TOEBI wishes to acknowledge its support for the position of staff in English at the University of Leicester, and to condemn the injurious position of the university management’s approach to the study of Medieval and Early Modern Literature and English Language.
The leadership of the University of Leicester has notified staff that it is opening a consultation on a plan to close English Language, including the BA English with English Language and the MA English Language and Linguistics, and to cease teaching Medieval Literature and reduce the size of Early Modern Literature. The first consultation meeting on this plan will take place on Wednesday 27th January 2021. Staff in English remain committed to supporting and developing our current curriculum and oppose this plan.
TOEBI exists to promote and support the teaching of Old English in British and Irish Universities, believing that knowledge of the foundations of the subject is integral to any understanding of English language and literature. At a time when medieval studies in particular is frequently in the public eye, it is a fundamental disservice to students and prospective students at the University of Leicester to deny them the opportunity to pursue study in this field.
TOEBI believes that Black lives matter. The society recognises the many failures, present and historic, to support and listen to Black academics, both in academia generally and within our own field specifically, and that these failures contribute to a larger system of oppression against Black people. As a society, our aim is to promote the teaching of Old English in universities, and we commit to fostering an environment supportive of Black scholars, scholars of colour, and scholars from other ethnically marginalised backgrounds, including Irish Travellers. At this year’s TOEBI meeting, we will formally designate a session on work in anti-racism, participation and outreach. Speakers will be invited to present on relevant projects, issues and initiatives. In the future, we will do more to amplify diverse voices and the work of BIPOC scholars, and we particularly welcome their submissions to our annual newsletter.
Our society is also committed to raising the public profile of our field. On both ethical and intellectual grounds, we strongly reject the misuse and appropriation of medieval texts and symbolism for the creation of racist and xenophobic narratives.
We have work to do. Scholars privileged by race and by other characteristics have an obligation to learn more, and to support marginalised colleagues and students. The 2017 bibliography on race and medieval studies crowdsourced by Jonathan Hsy and Julie Orlemanski provides a valuable starting point: https://link.springer.com/article/10.1057/s41280-017-0072-0. For further resources on anti-racism, see this project page from Dr. Cooke at the University of South Carolina: https://padlet.com/nicolethelibrarian/nbasekqoazt336co .
You can find a broader statement of TOEBI’s values and our anti-harassment policy here.
Old English Futures
TOEBI (Teachers of Old English in Britain and Ireland) Call for Papers, for English: Shared Futures 2020 conference, Manchester/Salford June 26-28th 2020
TOEBI invites submissions for a panel to be submitted to the English: Shared Futures 2020 conference on the future of Old English studies within and beyond global English literary studies.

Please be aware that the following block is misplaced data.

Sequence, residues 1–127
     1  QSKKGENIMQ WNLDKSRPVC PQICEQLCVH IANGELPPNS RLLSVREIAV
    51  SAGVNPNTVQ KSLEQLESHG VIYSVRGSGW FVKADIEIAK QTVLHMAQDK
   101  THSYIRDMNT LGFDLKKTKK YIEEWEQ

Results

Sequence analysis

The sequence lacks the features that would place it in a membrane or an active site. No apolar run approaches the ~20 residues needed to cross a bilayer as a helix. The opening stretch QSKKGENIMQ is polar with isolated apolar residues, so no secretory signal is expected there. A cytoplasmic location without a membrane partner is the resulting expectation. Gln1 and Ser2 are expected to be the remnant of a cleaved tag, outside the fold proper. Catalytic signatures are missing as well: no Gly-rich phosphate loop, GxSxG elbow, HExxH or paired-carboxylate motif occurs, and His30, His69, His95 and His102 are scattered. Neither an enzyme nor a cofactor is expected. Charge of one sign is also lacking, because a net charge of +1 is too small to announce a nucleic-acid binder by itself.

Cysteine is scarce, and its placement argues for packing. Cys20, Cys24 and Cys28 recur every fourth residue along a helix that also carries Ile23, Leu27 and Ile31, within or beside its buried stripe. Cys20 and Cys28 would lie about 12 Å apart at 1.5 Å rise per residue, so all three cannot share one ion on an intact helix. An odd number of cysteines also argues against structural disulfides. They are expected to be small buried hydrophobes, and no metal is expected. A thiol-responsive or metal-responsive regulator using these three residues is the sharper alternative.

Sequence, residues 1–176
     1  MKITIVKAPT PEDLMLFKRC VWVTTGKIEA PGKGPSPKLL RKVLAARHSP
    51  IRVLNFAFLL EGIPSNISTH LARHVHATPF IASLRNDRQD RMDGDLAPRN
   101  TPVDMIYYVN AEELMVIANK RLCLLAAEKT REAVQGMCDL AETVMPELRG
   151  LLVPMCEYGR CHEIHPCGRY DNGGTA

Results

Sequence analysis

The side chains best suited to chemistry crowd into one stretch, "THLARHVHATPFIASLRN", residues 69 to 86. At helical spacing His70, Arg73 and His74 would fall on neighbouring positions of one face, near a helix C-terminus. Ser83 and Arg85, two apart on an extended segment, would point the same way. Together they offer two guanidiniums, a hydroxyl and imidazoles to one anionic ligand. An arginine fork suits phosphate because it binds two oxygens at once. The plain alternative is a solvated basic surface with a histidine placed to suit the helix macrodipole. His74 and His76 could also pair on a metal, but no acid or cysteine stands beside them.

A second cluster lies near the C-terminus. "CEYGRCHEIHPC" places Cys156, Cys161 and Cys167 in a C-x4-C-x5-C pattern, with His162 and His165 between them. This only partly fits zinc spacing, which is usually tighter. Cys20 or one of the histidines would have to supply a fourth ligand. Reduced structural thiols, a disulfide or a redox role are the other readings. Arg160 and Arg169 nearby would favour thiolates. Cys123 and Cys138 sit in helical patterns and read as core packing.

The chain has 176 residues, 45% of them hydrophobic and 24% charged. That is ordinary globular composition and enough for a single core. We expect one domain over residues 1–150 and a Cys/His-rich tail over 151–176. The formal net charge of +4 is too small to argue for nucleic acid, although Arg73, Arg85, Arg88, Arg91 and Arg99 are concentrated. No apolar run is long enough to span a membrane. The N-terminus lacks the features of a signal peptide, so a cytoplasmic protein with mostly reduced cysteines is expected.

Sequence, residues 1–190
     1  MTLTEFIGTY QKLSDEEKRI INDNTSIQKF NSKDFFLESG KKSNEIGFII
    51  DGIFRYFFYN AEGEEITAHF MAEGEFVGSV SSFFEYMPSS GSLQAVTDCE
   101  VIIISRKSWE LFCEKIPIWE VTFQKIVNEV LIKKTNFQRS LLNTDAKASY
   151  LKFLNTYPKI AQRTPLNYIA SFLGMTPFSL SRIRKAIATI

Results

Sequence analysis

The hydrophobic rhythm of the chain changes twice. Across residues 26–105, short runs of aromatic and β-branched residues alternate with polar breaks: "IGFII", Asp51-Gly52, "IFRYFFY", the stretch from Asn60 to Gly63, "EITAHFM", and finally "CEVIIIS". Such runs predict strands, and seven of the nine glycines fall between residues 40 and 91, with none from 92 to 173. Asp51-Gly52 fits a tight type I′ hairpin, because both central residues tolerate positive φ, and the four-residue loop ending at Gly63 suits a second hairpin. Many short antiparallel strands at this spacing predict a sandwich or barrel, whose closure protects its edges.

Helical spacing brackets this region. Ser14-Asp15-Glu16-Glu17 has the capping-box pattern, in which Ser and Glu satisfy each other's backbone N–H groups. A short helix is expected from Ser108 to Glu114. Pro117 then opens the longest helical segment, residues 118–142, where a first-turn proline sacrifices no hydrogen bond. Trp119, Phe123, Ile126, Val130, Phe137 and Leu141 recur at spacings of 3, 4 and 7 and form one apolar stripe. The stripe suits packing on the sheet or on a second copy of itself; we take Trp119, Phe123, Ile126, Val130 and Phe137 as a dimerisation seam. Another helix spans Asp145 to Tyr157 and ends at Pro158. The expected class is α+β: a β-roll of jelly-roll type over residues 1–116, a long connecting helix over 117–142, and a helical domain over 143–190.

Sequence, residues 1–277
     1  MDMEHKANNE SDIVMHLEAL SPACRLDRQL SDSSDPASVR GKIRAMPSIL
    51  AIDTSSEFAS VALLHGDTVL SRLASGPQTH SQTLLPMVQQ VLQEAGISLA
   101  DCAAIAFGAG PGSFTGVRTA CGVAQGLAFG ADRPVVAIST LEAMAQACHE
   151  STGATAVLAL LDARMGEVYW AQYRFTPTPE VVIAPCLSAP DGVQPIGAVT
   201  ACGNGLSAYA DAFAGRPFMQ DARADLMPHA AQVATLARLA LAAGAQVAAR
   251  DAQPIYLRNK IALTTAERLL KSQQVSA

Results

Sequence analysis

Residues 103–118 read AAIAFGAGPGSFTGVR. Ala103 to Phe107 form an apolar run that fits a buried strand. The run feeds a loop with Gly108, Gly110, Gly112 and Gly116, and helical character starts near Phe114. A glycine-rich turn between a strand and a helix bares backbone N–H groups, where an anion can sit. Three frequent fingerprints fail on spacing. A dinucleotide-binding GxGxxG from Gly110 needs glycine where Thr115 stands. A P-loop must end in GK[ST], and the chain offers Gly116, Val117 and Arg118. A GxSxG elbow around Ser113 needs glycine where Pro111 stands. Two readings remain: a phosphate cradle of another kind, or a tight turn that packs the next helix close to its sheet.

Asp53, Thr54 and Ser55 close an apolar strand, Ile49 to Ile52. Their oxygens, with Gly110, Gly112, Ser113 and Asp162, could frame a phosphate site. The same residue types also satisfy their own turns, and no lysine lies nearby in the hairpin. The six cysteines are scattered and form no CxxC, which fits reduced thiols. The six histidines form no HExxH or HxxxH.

We particularly welcome submissions that show how the teaching of Old English naturally engages with issues such as ecology and ecocriticism, transnational literatures, literatures of the body, anachronic and transhistorical readings of literature, issues of migration and ethnicity, and inter- and trans-disciplinary approaches to the past and present.
E:SF indicates that approaches may cover:
- new research from any area of the discipline, including practice-based research;
- learning, teaching and pedagogy;
- aspects of professionalization (including precarity, mental health, employability, recruitment, gender and BAME imbalance).
Areas of Old English studies which may be particularly relevant to the themes of E:SF 2020 include:
- inequalities: working-class literature, language and creative writing; regional differences; access to literature and social capital;
- literature, language, creativity and music;
- ‘applied’ English: how English language, literature and creative writing work in the world beyond universities and address local, national and global challenges;
- refugees and displacement;
- publishing and book history;
- issues around decolonization, broadly understood, including decolonizing the profession and curriculum;
- migrancy and borders.
Please send abstracts of no more than 200 words to email@example.com for 20-minute papers by Friday 13th September 2019.
By Josephine Livingstone (The New York Times Magazine, 04-01-2019)
I went to college a little bit later than most. Excited but nervous to plunge into a degree — in English literature — that demands all students learn Old English, I asked a friend what studying the language was like. “It sounds bizarre,” Roberta said, “but it’s what people spoke in Britain in the early medieval period. And there are these beautiful things called kennings in the poetry.” We were just in the pub, I think, but I got this feeling. Something like stars in my eyes, but more like starlight dancing on a deep, dark sea.
… read more here: https://www.nytimes.com/2019/01/04/magazine/letter-of-recommendation-old-english.html